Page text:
The Redskins’ preseason contest with the Browns was a very good one from a coaching perspective. There were some good moments and good performances and the Redskins were able to force an incompletion on a two-point conversion attempt with not time left to get the win.
But they did plenty wrong, more than enough to indicate that they aren’t yet ready to play in games that count, something they have to do in 19 days when they travel to play the Texans.
“We had four turnovers. We had some key penalties and some stopped drives,” said Jay Gruden. “We had second and goal at the two [yard line] and tried three runs in a row. I thought we moved the ball effectively but you have to finish drives and you have to protect the football. Part of my pre-game speech was about eliminating penalties and protecting the football. We did neither.”
Let’s look at some of the sins of commission and omission by the Redskins last night:
—The four turnovers consisted of three interceptions, one by each quarterback, and a fumble. The last one was charged to Robert Griffin III but it actually seemed to be more the fault of Alfred Morris, who couldn’t handle Griffin’s pitch on an inside run. That turnover and Griffin’s interception, which came when he attempted to get an out pass to DeSean Jackson without stepping into the throw, were the mot concerning giveaways.
—They had 11 penalties for an even 100 yards. Of Cleveland’s 20 first downs, six game via Redskins penalties. It should be noted that this game continued the league wide trend of a lot of laundry being on the fields this preseason. The Browns hit double digits with 11 flags and they also gift wrapped half a dozen first downs for the home team.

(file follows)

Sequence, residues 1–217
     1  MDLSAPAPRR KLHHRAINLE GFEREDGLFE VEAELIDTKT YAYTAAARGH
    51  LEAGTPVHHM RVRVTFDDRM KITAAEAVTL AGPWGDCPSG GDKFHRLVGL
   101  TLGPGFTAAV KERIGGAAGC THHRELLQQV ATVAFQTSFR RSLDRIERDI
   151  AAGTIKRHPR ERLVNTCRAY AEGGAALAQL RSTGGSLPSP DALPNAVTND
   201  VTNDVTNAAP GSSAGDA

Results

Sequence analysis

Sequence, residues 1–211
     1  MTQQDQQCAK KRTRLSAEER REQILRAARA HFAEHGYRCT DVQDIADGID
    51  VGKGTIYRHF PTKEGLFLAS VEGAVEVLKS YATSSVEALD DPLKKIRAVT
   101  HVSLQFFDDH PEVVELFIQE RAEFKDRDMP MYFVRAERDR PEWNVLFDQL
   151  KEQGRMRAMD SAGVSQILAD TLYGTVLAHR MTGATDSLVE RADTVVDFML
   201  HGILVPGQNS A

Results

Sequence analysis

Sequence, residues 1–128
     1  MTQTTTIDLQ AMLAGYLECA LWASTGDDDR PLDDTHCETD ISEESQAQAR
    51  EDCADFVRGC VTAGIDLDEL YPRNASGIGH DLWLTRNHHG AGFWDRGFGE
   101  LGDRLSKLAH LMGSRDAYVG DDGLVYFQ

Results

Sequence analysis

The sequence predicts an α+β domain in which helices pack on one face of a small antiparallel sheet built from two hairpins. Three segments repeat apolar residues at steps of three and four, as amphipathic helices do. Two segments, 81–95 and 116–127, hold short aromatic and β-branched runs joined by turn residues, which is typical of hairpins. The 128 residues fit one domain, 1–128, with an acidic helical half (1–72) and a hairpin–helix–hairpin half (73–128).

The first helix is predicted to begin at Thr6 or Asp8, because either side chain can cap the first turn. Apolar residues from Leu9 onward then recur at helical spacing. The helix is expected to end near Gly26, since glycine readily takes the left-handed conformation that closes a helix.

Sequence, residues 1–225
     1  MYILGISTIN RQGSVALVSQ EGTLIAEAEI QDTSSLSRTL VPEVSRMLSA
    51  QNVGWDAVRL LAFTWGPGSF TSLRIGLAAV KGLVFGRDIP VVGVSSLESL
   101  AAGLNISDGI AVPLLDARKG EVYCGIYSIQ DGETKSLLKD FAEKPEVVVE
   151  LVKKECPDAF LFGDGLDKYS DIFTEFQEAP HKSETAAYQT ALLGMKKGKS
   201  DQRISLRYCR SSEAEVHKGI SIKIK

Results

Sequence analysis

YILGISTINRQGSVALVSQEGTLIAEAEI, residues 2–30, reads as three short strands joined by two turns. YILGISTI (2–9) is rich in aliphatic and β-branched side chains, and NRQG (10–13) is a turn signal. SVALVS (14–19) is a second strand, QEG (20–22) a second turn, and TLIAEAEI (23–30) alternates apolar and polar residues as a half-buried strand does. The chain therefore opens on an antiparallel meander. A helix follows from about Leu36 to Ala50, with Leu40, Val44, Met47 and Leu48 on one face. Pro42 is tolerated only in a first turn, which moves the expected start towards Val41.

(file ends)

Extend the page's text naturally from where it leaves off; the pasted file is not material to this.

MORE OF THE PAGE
—The first-team offense didn’t finish any of its three drives with so much as a field goal. The first possession ended in Morris’ fumble, the second in Griffin’s interception. After Griffin and Andre Roberts connected to make the play of the day, a 49-yard bomb to the Cleveland eight, they couldn’t punch it into the end zone in six tries, including three from the one-yard line.
So, what can they do about it? Get back to work.
“We have to continue to monitor those things,” said Gruden. “That is a very important part of the game, penalties and turnovers. It can cost you a lot of football games if you are not careful. I have been preaching that and coaching that but we have to do a much better job as a staff. Our players have to be much more accountable when they have the ball, quarterbacks and runners.”
They have to get to work in a hurry. They have a quick turnaround before their final tune up for the regular season, their third preseason game in Baltimore on Saturday. That will be the last game action the starters and key reserves will see before the September 7 season opener.